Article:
President Lee C. Bollinger and Provost John H. CoatsworthColumbia University202 Low Library535 West 116th Street, Mail Code 4309New York, NY 10027
Dear President Bollinger and Provost Coatsworth,
In June of 2016 twenty-five U.S. colleges and universities—including Columbia University—signed the Fair Chance Higher Education Pledge, one of President Obama’s initiatives aiming to eliminate barriers to a successful reentry, by expanding access to education, for the almost 70 million Americans who have criminal records.
This is an important step in the right direction, because removing or banning the question requesting applicants to disclose if they have been involved in the justice system—The Box—is the ONLY option that gives all applicants a fair chance at an opportunity to redeem themselves and become productive members of society. Despite the fact that Columbia signed the Fair Chance Higher Education Pledge, it has not yet removed “The Box” from its admissions application. This means that Columbia can still use information that is not relevant to whether or not a prospective student should be admitted to Columbia, thus making it possible to continue discriminating against applicants, which can prevent them from changing their lives through education.
Research has demonstrated that encountering this question—The Box—during the application process is an obstacle for millions of Americans who have been involved in the criminal justice system. This can be devastating for people who are trying to change their circumstances by obtaining an education in order to increase their opportunities for employment. Moreover, since people of color and those from under-served communities are disproportionately impacted by mass incarceration, Columbia is limiting access to an excessive number of Blacks, Latinos, first generation and other students from low-income communities.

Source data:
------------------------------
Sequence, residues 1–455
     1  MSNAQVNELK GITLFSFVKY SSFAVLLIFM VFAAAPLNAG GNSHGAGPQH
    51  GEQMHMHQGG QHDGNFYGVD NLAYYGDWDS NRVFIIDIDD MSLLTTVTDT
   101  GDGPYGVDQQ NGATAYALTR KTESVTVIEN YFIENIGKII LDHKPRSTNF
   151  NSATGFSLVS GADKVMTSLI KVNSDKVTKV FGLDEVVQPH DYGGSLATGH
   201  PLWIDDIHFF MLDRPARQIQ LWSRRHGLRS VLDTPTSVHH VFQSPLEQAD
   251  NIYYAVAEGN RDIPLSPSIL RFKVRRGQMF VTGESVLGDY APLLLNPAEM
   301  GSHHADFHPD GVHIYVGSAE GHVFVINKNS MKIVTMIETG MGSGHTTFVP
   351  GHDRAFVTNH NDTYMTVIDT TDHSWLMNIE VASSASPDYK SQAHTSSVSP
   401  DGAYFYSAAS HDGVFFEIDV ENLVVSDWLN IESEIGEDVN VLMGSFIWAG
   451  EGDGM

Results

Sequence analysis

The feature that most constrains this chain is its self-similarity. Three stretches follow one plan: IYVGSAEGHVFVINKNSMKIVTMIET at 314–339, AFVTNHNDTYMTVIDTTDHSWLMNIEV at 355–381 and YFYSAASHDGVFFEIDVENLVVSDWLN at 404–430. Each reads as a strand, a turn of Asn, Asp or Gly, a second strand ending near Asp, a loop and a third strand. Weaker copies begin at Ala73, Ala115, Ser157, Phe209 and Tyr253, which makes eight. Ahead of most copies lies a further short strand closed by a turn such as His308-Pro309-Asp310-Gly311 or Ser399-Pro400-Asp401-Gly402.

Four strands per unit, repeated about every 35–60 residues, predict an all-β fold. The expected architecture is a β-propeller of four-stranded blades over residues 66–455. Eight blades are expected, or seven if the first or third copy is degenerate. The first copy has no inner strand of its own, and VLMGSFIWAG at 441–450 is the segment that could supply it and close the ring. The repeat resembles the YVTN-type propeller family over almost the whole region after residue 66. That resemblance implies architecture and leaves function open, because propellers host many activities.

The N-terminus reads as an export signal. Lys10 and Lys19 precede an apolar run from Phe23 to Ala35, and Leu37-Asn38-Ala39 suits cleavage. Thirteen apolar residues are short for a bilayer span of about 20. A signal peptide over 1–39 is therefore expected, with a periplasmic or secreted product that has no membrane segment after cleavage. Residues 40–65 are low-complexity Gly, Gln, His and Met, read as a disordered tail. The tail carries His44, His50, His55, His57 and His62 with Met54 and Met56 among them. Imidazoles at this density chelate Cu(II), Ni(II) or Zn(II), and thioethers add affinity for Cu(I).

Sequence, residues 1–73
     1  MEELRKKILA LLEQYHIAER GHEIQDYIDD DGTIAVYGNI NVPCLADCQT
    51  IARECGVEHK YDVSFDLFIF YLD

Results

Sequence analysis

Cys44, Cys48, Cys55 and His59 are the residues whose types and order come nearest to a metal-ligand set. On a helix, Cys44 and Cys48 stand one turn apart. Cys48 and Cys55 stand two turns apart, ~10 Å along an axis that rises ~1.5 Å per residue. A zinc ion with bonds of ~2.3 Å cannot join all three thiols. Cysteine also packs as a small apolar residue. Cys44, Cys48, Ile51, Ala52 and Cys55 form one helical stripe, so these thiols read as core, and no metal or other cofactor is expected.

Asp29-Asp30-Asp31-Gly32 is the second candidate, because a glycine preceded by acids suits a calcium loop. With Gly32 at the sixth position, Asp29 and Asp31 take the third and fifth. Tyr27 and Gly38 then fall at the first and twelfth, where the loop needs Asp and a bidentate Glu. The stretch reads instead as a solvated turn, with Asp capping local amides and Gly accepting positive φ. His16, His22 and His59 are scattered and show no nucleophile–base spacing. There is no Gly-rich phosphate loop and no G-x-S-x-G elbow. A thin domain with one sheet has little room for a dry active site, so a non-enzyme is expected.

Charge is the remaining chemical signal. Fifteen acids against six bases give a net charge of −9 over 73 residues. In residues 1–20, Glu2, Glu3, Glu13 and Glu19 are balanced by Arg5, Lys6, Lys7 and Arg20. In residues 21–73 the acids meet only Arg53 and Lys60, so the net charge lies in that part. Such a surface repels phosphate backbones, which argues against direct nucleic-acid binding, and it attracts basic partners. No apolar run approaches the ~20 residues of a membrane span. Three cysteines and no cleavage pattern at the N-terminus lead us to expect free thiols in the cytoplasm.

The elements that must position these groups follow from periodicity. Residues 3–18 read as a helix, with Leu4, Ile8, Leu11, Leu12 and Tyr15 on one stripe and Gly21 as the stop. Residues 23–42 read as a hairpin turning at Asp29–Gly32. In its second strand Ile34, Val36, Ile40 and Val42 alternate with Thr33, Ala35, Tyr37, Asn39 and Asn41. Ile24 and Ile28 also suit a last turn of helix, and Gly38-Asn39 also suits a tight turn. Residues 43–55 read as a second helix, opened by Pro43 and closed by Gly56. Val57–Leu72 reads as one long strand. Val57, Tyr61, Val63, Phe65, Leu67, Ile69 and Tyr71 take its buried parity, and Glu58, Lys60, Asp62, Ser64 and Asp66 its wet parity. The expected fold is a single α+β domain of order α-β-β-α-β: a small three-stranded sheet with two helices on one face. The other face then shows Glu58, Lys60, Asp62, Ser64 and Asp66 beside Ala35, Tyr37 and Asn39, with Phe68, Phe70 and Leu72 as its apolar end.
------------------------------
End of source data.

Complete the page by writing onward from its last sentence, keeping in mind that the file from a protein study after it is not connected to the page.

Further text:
Access to post-secondary education reduces recidivism, challenges inequality, promotes public safety, and prepares people to lead productive lives. Consequently, the only way we can build a safer and healthier society is by allowing these men and women to achieve success by removing obstacles which would interfere with acquiring an education. The benefits of having a thoughtful, educated community extend beyond the individual. Increasing access to higher education for all, regardless of race, gender, sexual orientation or any one wrong decision or mistake in their past, is necessary to create the vibrant democracy that our nation so direly needs. We urge Columbia University to please join The University of California who has never asked applicants’ to disclose any information related to criminal justice backgrounds and The State University of New York (SUNY), who in September of 2016 voted to remove “The Box” from their admissions applications. Criminal justice history should not be a part of the calculus for Columbia’s enrollment decisions. Ban “The Box”
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